Parents had a tense wait on Monday morning to find out which primary school their children had got into.
This year there were 1,977 primary school applications from Royal Borough residents and parents were allowed six preferences overall, which includes both reception and infant to junior admissions.
Around 82 per cent of children in the borough (1,612 out of 1,977) were offered a place at their first preference school and seven per cent (135 children) were offered their second preference.
Last year, 86 per cent of children were given their first choice of school in the borough, but for reception alone.
In total 92 per cent of applicants received a place at their first, second or third preferred school and around 80 primary school places were left unfilled across the borough.
Cllr Phill Bicknell (Con, Park), cabinet member for education said: “We know how important school admissions are and try our hardest to meet all parents’ preferred choices as fairly as we can. It is tough when a first choice cannot be given and we will provide as much support as we can to families where this is the case.”
Across the river in Buckinghamshire almost 90 per cent of families have also been able to breathe a sigh of relief, after their children were granted places at their first choice primary schools.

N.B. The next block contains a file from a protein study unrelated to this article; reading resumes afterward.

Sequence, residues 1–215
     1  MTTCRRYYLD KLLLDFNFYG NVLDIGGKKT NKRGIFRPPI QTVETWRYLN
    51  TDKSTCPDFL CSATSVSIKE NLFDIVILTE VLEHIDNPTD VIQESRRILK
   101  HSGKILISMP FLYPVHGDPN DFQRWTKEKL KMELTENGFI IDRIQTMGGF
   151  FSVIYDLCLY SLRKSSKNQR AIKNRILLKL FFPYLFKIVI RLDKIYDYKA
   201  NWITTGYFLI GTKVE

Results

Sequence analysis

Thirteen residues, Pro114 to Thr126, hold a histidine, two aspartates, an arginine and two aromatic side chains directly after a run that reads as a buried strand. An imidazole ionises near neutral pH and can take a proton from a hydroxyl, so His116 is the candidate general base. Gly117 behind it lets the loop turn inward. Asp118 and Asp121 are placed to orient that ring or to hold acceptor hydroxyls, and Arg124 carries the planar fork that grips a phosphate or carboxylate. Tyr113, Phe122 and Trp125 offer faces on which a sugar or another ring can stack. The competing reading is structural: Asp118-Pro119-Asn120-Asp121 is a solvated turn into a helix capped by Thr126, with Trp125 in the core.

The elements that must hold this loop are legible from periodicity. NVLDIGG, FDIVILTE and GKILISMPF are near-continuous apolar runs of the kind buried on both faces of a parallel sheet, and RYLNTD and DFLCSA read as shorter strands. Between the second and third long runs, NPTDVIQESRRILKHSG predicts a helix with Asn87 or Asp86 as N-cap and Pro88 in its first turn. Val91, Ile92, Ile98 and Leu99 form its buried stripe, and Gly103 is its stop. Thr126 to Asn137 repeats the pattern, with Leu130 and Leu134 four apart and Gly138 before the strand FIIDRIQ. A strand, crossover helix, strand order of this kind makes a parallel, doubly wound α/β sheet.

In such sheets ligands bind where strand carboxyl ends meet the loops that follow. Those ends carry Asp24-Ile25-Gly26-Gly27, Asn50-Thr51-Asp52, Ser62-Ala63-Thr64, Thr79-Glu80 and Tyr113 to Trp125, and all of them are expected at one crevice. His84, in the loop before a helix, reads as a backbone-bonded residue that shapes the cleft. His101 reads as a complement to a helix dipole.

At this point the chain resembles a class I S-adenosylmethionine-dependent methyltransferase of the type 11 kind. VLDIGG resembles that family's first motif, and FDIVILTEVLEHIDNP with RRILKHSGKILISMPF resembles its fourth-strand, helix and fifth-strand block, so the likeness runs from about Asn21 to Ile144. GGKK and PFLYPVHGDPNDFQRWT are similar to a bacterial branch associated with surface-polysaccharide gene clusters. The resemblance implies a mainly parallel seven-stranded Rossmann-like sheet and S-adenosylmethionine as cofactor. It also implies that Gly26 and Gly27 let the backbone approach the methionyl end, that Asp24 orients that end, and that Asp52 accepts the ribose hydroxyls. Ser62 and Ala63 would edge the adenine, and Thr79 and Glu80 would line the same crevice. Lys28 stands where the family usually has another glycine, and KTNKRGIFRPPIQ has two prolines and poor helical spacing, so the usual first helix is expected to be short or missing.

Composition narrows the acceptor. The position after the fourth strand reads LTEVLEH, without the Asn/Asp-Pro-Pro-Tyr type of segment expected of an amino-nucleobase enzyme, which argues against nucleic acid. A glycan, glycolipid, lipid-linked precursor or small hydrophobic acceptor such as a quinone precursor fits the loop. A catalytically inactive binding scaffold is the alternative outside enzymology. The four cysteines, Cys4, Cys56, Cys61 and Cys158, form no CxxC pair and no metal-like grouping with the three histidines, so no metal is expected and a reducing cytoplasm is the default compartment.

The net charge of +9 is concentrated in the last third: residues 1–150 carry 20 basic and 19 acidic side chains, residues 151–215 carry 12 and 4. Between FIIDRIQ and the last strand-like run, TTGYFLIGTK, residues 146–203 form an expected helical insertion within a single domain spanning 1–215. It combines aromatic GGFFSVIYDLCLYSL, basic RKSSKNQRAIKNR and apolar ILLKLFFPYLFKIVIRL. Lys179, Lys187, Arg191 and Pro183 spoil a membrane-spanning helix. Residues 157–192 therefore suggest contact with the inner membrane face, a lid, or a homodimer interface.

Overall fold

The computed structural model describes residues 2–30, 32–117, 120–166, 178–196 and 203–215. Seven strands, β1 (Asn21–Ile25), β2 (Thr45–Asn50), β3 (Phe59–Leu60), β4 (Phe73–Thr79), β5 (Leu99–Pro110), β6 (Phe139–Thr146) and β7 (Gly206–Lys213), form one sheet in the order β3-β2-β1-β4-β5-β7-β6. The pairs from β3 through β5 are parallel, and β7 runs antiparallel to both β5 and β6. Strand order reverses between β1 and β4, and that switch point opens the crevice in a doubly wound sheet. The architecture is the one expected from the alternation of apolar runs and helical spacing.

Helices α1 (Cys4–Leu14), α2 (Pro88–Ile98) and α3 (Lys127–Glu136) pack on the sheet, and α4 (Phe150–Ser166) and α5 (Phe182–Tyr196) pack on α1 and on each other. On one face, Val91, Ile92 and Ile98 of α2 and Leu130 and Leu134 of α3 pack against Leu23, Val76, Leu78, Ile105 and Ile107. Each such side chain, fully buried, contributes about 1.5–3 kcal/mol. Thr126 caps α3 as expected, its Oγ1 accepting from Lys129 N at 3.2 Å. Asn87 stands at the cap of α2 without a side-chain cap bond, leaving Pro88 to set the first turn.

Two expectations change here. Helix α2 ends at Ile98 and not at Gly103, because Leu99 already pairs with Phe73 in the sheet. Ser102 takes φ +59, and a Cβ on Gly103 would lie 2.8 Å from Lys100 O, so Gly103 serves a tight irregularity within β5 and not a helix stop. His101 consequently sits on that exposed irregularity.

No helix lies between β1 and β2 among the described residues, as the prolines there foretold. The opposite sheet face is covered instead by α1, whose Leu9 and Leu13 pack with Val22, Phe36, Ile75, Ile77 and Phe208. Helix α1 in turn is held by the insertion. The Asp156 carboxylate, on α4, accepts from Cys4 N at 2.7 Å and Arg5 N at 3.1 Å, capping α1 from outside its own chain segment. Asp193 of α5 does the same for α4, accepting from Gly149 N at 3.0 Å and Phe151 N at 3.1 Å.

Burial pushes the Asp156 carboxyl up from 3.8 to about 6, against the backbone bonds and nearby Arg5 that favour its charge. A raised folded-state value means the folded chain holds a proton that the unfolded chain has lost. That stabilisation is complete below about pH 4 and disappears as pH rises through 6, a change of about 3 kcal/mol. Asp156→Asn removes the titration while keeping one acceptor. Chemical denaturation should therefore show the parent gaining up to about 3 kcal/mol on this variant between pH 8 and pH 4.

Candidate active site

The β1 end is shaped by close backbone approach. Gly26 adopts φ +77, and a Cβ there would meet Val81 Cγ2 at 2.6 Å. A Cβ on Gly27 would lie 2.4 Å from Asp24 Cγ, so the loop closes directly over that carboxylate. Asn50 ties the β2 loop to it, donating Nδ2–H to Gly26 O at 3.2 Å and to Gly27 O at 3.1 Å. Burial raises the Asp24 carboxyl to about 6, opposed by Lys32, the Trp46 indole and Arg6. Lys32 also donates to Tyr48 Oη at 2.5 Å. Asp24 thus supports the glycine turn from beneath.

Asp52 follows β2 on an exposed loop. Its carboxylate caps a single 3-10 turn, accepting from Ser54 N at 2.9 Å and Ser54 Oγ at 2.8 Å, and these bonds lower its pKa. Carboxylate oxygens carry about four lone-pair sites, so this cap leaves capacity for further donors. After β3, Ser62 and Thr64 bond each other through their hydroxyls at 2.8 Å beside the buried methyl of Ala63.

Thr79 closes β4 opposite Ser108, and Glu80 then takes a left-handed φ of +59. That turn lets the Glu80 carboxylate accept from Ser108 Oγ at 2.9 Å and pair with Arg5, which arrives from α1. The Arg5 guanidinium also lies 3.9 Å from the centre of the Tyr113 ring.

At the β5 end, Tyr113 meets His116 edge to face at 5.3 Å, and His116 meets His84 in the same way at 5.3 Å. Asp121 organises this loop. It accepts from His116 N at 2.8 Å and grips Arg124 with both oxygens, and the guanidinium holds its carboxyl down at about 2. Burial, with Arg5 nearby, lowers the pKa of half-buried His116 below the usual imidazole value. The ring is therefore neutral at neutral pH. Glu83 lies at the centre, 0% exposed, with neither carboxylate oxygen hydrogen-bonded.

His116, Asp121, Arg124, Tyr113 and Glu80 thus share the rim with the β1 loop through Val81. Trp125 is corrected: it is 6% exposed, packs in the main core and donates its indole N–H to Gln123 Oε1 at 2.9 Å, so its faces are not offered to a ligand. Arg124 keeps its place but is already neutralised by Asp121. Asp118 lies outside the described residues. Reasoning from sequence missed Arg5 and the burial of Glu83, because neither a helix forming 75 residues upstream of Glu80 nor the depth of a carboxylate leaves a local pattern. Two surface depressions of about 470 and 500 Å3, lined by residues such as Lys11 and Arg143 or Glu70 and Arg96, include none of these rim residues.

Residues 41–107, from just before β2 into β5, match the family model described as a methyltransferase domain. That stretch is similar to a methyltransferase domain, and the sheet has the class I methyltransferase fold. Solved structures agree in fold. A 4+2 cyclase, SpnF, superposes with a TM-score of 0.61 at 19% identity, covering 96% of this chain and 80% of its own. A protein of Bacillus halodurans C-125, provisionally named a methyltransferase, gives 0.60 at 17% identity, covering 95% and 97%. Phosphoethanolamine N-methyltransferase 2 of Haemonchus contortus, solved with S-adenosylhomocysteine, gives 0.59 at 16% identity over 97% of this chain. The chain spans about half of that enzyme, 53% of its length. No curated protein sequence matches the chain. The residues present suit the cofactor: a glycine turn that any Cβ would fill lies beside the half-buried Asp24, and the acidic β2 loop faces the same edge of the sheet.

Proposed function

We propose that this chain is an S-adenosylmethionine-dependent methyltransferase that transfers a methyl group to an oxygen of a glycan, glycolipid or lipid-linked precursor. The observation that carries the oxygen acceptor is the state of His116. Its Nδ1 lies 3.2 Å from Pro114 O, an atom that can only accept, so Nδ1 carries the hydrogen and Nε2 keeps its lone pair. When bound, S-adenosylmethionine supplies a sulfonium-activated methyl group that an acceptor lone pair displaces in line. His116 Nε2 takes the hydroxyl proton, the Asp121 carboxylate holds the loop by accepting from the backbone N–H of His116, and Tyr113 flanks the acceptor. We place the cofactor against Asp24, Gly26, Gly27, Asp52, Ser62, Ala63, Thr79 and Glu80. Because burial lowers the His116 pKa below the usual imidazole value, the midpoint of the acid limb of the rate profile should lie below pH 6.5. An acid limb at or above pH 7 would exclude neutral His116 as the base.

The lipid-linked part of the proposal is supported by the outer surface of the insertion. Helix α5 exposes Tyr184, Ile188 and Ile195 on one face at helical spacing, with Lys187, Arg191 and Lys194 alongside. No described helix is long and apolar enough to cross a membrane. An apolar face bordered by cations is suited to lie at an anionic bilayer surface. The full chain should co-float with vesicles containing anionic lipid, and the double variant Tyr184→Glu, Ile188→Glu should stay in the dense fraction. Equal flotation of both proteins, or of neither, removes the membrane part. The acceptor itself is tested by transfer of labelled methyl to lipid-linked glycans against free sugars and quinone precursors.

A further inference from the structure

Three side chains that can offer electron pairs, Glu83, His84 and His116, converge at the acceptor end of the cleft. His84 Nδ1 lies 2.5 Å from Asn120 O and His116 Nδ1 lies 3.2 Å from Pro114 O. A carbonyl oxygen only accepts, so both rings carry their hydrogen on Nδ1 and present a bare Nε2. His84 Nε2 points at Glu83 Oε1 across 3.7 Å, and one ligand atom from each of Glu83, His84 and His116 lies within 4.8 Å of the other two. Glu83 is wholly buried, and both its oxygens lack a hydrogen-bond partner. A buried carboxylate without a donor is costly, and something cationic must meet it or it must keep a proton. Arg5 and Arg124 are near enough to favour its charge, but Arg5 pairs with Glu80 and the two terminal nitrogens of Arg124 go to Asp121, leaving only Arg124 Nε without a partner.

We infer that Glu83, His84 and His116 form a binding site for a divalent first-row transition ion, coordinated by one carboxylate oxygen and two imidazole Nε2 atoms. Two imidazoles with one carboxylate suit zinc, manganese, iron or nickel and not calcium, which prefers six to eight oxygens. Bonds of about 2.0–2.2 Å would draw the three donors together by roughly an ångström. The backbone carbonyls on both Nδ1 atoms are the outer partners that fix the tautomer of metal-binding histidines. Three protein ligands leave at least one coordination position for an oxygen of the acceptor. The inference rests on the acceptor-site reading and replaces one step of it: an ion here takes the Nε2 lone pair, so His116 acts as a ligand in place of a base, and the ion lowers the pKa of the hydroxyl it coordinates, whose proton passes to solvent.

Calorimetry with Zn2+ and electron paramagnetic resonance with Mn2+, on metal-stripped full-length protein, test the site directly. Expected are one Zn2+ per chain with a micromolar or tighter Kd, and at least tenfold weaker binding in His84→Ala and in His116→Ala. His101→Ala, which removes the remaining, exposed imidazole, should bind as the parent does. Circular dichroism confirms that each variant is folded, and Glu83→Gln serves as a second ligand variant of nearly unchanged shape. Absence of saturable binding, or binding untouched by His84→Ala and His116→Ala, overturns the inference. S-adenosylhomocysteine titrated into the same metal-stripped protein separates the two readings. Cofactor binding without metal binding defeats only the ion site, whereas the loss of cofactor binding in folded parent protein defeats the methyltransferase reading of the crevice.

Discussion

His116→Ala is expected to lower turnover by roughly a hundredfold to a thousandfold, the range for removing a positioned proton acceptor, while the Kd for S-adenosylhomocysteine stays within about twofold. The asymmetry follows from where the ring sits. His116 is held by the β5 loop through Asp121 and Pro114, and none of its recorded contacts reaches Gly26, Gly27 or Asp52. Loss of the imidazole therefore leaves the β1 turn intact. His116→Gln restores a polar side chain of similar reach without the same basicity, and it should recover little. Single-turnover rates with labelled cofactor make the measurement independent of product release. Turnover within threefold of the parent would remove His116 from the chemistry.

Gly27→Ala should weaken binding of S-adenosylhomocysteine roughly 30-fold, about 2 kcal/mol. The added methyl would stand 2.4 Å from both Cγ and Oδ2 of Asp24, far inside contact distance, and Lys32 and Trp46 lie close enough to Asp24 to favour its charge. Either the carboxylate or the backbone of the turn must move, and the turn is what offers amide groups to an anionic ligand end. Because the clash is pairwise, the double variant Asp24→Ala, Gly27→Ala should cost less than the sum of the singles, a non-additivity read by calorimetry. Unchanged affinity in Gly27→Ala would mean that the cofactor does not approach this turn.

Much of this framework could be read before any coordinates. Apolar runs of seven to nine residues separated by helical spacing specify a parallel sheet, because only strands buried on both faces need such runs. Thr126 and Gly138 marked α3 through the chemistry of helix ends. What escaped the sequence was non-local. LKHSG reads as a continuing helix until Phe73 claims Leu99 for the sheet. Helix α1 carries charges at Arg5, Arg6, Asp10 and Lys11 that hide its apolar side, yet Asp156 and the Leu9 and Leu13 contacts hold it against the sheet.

According to figures from Buckinghamshire County Council (BCC), about 87 per cent of applicants – 5,538 out of 6,385 – had been offered their first preference, an increase of 2.5 per cent on last year.
Cllr Zahir Mohammed, BCC cabinet member for education and skills, said: “It’s reassuring to know that we are improving year on year and that the vast majority of families do obtain offers for their first preference schools.
“We were also pleased to see a sharp decline in the number of children who weren’t offered any of their preferences.”
About three per cent of children failed to win a place at any of their preferred schools – down from 4.95 per cent last year.
Down the A4, a total of 2,133 applications were received at Wokingham Borough Council and 85 per cent of children were granted their first choice. Nine per cent managed to get into their second choice.
Around three per cent of children were allocated their third preference and two per cent were offered an alternative school after not gaining any of their preferences.
Lastly Slough Borough Council received 2,397 applications and 96 per cent of children were offered a place at one of their preferred schools.
A total of 85 per cent of children received their first preference and eight per cent second.
Parents who could not be offered any of their choices were offered the nearest school.
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